Red Dot Sight or Magnified Scope?
Once you know the style of shooting be doing, you can choose whether or not you’d like a red dot or magnified scope.
Using Red Dot Sights with the AR-15
The red dot or reflex sights are not magnified, but they superimpose red dots on the reticle and allow you to keep both eyes open when shooting. This is especially important with tactical shooting and close-quarter shooting where your peripheral vision is going to be not only necessary but life-saving.
Not all AR 15 shooting requires magnification. In fact, in some instances magnification, that narrows your field-of-view could be a detriment to your skills as a shooter. If you’re using a carbine style AR 15 it’s likely you need faster mobility and are going to benefit from a red dot or holographic sight.
If you are using an electronic optic like red dots then consider adding iron sights to your setup. You can set the iron sights up for absolute or 1/3 co-witness to keep aiming capabilities should you run out of battery on your holo sight or red dot.
Magnified Scopes for the AR-15
For magnified scopes, you have options of the first focal plane or second focal plane scopes. Keep in mind with a first focal plane scope the reticle is going to grocery magnification making for easier sighting.
However, second focal plane scopes are typically less expensive and can allow you to purchase the better quality glass.
Scope Magnification Level
The magnification level that you need for your scope, again, will depend greatly on the style of shooting you’ll be doing. With Field of View adjustments and wobble considerations by magnification is anything greater than six times is probably going to be a waste on a AR 15. Some of the best ACOG and fixed magnification scopes for the AR 15 only go up to 4X magnification.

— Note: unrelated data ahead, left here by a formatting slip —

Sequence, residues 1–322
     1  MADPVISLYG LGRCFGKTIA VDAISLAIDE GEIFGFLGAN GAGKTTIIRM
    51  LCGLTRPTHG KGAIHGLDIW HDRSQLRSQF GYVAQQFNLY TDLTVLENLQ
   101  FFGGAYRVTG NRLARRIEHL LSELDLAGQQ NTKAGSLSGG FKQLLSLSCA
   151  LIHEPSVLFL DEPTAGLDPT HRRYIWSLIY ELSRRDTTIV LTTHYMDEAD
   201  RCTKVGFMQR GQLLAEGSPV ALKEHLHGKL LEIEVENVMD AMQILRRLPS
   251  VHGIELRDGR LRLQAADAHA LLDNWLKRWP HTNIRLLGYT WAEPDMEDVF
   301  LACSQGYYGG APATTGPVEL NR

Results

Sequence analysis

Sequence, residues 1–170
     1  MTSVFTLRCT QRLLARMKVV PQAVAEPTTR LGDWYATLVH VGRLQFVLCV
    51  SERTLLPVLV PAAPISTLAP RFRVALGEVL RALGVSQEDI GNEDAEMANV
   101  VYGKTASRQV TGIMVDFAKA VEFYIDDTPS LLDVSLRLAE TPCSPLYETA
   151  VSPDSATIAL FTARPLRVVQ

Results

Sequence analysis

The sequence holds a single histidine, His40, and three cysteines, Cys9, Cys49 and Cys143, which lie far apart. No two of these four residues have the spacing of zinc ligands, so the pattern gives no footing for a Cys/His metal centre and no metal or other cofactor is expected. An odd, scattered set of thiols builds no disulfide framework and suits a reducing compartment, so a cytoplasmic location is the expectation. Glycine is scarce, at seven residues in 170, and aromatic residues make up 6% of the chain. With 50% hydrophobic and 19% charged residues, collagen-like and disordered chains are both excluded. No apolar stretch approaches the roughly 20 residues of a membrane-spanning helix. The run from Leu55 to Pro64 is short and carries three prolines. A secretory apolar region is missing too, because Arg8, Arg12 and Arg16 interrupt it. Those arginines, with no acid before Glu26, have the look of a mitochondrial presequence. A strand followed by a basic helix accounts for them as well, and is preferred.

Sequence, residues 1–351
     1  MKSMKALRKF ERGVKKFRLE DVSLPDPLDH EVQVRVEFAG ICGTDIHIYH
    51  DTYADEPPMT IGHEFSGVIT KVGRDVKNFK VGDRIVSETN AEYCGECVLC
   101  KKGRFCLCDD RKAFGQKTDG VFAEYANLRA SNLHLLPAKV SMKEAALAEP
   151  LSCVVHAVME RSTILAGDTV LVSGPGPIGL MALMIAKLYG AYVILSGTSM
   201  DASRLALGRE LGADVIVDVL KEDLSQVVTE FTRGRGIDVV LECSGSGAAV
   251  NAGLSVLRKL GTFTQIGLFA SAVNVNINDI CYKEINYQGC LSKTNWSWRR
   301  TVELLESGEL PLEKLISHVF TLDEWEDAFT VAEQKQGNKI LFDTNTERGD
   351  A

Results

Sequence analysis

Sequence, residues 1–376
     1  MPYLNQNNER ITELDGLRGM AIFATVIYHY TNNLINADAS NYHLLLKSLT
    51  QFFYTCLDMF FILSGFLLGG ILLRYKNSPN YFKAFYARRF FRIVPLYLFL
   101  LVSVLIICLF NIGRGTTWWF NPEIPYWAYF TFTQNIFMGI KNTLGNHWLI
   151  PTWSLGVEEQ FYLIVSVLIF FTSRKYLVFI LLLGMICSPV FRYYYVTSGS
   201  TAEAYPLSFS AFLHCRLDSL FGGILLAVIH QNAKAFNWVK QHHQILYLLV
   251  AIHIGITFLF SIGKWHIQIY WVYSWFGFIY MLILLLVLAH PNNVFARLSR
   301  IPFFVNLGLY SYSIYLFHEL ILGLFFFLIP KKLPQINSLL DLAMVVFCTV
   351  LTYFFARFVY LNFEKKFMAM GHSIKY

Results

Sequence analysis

If you’re doing long-range competition shooting, you may need the 6X magnification to hit those long-range shots. But for anything other than competition shooting a 6X magnification is probably going to hinder your ability to hit on target and it will interfere with your target acquisition.
The best thing for magnified scopes for moving targets such as deer is going to be something that easily adjusts from the true one magnification to 4X. The fast adjustment from true one magnification allows you to have the widest field-of-view to sight your target and then magnified to get into the kill zone.
Slower zooming scopes are not going to be good for deer or other moving objects because you will not be able to sight the target. In short, if you’re looking for a variable scope, then a 1-4x or a 1-6x is typically a good choice for the AR-15.
The Best Scope For You and Your AR-15!
When it comes to finding the best scope for your AR 15 you are going to have to look at your use case. Take the last six months of shooting with your AR 15 and see how you used it most often.
If nearly every time you took your AR 15 out you were in a tree stand hunting for deer with a range of 100 yards, then that’s your use case. If the last six months you spent practicing for a marksman competition, then that’s your use case. This is how you’re going to choose the best scope for you.
Final Thoughts to find the Best Scope Magnification for your AR-15
Now you know your use case, typical range, and what kind of magnification level is best for your type of shooting. Keep in mind, you don’t always need magnification on your scope, and sometimes magnification can hinder target acquisition.